It’s all relative
The other day, you endorsed Sen. Karen Keiser’s plan to provide medical-school tuition breaks to students entering primary-care specialties, such as family medicine, pediatrics and internal medicine [“Tuition breaks for family docs,” editorial, Dec. 19 ]. While her idea is certainly a helpful one, it will fall far short of its goal, simply because the long-term financial rewards of specialty care far surpass the costs of tuition.
I’m a family physician. I enjoy what I do, but I work in a system that is designed to reward specialty care and procedures at a far higher rate than primary care. Any intelligent student can see that the financial compensation for specialty care is many times the compensation provided to primary-care providers, especially if there are diagnostic or surgical procedures to perform. Even when there is no procedure involved, specialists are compensated at a much higher rate than primary-care physicians for the identical service.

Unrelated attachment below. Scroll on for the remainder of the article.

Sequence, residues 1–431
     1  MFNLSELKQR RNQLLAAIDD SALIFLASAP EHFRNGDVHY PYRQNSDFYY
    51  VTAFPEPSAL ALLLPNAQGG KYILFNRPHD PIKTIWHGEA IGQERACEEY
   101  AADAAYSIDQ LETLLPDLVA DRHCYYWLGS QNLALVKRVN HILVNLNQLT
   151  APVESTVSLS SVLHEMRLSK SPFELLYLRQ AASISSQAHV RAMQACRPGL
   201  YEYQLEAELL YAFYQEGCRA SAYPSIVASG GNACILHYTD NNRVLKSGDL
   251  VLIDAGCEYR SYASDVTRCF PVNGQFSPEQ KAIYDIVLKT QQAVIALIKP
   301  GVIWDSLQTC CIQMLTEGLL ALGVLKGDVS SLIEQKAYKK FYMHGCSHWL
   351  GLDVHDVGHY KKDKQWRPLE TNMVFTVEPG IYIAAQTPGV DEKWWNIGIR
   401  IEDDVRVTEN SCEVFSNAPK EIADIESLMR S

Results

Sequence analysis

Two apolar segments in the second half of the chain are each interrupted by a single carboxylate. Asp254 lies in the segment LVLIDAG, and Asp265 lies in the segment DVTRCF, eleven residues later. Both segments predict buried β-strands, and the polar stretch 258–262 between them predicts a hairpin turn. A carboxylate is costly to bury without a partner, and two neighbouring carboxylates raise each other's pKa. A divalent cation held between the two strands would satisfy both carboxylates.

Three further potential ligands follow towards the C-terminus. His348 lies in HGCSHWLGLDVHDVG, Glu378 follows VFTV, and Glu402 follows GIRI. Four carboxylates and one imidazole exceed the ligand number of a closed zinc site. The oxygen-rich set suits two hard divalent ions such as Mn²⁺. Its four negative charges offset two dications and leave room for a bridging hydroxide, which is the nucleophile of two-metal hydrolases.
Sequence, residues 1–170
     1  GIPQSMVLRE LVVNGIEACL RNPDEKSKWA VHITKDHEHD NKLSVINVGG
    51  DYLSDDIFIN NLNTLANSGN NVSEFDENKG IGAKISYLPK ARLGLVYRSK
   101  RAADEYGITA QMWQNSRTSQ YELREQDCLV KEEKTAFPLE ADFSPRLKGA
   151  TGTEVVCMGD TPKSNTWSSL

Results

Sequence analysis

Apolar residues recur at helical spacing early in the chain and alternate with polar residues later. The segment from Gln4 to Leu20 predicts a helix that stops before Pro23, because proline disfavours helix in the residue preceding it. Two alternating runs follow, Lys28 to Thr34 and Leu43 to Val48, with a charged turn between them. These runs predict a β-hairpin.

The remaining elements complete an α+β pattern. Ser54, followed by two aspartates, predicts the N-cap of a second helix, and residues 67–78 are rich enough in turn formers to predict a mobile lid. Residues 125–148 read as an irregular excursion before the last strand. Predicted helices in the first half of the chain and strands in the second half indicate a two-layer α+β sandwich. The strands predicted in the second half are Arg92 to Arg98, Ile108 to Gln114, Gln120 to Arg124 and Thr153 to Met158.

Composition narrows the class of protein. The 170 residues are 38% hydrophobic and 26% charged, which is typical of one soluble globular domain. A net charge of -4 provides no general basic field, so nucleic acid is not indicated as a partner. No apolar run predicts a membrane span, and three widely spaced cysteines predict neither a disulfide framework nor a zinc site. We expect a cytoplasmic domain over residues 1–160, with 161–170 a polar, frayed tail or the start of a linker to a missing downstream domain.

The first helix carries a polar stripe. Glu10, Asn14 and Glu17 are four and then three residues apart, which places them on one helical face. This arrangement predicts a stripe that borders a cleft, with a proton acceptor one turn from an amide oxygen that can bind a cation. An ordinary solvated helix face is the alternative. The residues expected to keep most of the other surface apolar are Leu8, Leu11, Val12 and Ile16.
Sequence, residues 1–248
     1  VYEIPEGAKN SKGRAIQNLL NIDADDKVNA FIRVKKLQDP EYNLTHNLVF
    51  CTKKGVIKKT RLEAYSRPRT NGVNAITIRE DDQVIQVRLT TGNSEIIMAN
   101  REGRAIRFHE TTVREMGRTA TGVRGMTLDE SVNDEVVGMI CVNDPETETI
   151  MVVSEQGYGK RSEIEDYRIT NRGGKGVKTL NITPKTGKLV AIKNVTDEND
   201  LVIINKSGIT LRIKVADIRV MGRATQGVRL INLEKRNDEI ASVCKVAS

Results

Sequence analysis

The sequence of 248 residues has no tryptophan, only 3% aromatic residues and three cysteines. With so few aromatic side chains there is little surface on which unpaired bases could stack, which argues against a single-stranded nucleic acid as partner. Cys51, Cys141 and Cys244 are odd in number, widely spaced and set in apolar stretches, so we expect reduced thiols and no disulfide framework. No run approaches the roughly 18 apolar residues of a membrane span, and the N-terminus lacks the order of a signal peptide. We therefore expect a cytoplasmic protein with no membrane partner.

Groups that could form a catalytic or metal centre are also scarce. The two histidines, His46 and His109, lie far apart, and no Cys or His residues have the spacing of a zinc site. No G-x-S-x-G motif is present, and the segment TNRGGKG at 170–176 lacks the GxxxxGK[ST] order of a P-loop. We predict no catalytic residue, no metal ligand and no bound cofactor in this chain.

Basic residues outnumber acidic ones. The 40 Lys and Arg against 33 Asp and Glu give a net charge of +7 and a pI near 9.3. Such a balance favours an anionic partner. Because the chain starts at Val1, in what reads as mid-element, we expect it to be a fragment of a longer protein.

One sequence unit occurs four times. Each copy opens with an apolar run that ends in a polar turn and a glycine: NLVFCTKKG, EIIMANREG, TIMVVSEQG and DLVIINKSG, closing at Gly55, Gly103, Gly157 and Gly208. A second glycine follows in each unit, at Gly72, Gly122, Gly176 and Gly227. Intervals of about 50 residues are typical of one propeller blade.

When a student projects those rewards for even a few years, the benefits of choosing specialty care far exceeds the cost of medical-school tuition.
The senator wants to promote primary care, and I applaud her. But I hope that she sees that the issues go far beyond tuition. Her proposal won’t accomplish much, until America decides that providing complex care in a primary-care setting is worth as much as the same care in a specialist’s office, or perhaps as much as a single diagnostic procedure.
— Doug Trotter, Snohomish